Our revelations today of casual and obnoxious racism among employees of British Airways come at an especially uncomfortable time for the "world's favourite airline".
For an organisation still smarting from the debacle of Terminal 5's opening at Heathrow, the scandal of the mistreatment of a plane-load of passengers on a flight to Nigeria, and the loss of its stranglehold on transatlantic flights, the last thing it needs is a row about staff racism. But this is not an issue that can be ignored.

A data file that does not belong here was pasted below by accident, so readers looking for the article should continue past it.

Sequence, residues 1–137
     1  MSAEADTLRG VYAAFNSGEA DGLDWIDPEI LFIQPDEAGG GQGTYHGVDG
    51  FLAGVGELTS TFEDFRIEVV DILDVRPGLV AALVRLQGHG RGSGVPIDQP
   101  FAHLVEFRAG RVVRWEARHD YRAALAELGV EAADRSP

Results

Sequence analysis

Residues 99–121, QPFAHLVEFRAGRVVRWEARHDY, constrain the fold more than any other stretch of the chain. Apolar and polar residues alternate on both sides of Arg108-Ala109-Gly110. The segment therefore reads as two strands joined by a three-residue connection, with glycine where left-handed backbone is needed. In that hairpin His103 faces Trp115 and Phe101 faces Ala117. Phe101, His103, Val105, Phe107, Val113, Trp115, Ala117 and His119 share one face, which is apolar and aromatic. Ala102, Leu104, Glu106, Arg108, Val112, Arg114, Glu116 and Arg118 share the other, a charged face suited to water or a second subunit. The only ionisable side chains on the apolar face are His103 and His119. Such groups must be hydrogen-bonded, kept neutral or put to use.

Any company would have to investigate allegations such as this – if true, they reflect appalling attitudes. But British Airways is not just any company; it is the national flag carrier. It represents Britain around the world.
If British Airways' chief executive Willie Walsh expects his airline to retain that cherished status and esteem, he will put his house in order without delay.